Sheet Metal Fabrication Basics gives the reader the knowledge needed to shape metal without the need for expensive power tools. The reader needs only a simple shop equipped with the most basic of tools. If the first Ferrarris were built using only wooden mallets and hollowed out tree stumps, nearly any sheet metal project can be fabricated with only hammers, bags of shot, dollys and, yes, the occasional hollowed out tree stump.
Master craftsmen like Rob Roehl from the shop of Donnie Smith discuss the types of steel and aluminum that are best suited to motorcycle projects, how to plan and layout a project, and how to stretch and shrink sheet metal without a power hammer and without a Pullmax.
The key is planning, then shaping primarily by stretching. Eventually the various panels must be joined through careful welding. And though many professionals use TIG equipment, there's no reason you can't weld both steel and aluminum through gas welding, as demonstrated in the book.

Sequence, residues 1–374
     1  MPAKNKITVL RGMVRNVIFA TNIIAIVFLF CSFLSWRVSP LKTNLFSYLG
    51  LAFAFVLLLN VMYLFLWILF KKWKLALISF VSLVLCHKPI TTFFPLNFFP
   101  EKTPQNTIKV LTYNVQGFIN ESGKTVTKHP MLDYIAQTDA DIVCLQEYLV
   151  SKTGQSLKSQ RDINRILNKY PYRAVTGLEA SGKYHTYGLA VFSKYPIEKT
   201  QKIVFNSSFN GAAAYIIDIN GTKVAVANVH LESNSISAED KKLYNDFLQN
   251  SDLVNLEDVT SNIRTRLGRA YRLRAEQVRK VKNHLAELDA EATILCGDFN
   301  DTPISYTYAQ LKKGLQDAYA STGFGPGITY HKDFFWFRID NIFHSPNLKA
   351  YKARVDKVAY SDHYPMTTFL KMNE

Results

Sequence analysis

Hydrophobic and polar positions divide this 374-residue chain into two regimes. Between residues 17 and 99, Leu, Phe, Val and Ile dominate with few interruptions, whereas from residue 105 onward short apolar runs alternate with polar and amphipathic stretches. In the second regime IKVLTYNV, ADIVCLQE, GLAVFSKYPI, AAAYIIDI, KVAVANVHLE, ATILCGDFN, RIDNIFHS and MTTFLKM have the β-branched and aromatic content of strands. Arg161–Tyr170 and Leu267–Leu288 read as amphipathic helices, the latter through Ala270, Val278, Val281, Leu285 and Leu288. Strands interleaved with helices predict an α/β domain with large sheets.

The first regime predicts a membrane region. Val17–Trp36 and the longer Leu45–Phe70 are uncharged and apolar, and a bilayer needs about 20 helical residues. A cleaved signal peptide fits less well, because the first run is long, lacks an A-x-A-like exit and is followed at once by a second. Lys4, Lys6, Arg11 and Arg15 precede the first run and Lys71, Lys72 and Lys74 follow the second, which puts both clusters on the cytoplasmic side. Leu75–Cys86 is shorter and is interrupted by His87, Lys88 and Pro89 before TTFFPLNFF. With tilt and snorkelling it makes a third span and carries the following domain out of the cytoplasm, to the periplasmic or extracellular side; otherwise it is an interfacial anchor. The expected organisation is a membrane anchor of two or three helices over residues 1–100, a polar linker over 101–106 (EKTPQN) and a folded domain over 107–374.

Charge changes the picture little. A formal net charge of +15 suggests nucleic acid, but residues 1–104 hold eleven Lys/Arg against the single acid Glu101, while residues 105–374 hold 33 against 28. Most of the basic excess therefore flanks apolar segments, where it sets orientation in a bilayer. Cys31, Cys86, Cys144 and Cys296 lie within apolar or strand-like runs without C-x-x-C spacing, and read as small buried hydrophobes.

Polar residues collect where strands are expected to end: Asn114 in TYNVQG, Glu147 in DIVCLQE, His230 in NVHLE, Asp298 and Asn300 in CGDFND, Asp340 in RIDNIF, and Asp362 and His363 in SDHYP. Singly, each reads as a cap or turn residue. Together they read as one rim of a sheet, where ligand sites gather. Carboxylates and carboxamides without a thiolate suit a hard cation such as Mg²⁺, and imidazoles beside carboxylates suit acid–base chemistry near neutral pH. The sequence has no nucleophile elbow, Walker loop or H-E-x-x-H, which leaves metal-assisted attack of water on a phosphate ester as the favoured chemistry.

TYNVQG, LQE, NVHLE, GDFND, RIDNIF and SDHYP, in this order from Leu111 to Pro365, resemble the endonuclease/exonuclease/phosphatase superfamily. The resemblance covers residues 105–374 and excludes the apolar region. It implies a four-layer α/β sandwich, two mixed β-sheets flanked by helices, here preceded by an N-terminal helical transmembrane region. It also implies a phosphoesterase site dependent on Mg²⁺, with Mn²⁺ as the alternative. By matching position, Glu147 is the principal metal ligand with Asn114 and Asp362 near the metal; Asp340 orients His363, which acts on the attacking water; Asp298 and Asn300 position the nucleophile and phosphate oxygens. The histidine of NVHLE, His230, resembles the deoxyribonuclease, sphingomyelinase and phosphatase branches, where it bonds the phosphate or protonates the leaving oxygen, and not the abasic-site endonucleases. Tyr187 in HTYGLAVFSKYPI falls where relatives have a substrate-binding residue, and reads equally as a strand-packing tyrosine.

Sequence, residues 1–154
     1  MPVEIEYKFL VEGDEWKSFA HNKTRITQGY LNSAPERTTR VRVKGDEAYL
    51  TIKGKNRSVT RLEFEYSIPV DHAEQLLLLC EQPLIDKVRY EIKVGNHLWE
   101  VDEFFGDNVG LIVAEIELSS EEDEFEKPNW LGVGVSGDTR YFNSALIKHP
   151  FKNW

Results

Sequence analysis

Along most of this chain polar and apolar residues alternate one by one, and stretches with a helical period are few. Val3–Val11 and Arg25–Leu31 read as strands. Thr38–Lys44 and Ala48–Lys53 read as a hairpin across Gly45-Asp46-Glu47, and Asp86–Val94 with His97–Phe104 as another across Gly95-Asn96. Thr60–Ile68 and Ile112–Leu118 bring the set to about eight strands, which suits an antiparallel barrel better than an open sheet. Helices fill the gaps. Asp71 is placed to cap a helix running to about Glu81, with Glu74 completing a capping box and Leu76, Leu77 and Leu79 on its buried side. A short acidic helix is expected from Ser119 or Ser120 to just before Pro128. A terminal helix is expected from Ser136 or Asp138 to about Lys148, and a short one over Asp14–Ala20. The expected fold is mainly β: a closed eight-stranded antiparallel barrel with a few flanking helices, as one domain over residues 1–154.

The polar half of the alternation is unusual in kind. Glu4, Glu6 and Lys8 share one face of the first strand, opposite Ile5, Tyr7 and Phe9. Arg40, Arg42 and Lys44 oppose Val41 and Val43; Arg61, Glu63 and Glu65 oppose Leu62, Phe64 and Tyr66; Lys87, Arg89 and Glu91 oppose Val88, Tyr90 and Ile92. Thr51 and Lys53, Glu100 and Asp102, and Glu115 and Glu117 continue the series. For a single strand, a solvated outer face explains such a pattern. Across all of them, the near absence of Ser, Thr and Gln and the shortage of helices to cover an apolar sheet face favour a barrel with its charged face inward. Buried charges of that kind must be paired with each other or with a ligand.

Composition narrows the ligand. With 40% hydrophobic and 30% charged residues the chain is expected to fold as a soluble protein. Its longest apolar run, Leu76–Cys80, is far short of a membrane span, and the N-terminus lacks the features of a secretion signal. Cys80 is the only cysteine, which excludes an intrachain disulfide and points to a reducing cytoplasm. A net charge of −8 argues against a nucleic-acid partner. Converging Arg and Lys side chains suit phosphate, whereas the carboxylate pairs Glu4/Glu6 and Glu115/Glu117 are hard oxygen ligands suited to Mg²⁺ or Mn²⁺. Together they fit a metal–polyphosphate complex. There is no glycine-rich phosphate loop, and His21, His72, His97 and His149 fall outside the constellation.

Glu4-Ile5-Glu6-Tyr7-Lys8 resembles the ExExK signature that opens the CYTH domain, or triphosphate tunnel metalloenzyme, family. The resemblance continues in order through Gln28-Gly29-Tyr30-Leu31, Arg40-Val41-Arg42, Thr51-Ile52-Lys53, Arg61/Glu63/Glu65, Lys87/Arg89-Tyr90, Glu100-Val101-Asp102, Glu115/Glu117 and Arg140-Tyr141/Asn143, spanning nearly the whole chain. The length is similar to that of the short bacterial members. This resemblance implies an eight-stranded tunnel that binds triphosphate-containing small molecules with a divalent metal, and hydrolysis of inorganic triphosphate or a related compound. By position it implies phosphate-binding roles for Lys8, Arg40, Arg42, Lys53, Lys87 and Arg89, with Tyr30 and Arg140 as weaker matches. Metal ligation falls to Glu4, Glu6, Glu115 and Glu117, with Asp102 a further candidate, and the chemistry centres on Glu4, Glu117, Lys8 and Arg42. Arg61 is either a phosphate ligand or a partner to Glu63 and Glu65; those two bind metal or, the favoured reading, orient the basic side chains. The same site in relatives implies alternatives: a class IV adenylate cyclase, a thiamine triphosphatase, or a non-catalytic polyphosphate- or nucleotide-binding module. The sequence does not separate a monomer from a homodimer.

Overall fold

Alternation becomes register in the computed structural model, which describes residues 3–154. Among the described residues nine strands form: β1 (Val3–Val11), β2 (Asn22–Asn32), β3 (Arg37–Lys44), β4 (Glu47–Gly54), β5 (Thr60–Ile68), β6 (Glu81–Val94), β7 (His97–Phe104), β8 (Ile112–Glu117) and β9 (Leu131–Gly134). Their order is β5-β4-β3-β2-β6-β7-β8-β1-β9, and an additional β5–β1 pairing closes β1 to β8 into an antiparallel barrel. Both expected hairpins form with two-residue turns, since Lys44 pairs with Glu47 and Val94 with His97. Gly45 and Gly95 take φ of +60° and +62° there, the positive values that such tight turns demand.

Start to finish projects include the creation of an air cleaner cover, a seat pan, and a complete fender. The book covers a wide range of techniques, from hand stretching with a hammer and a bag of shot, to shrinking with a small hand operated shrinker-stretcher, use of a hammer and dolly, and the use of an English wheel, both to shape metal and to smooth out the lumps and bumps left by typical hammer work.
You can learn to fabricate sheet metal. All you need is the raw material, the sincere desire to learn, and a copy of Sheet Metal Fabrication Basics from Wolfgang Publications. More than 350 color photos spread over 144 pages show the beginner and intermediate sheet metal worker how to create simple shapes in his or her own small shop without expensive power tools.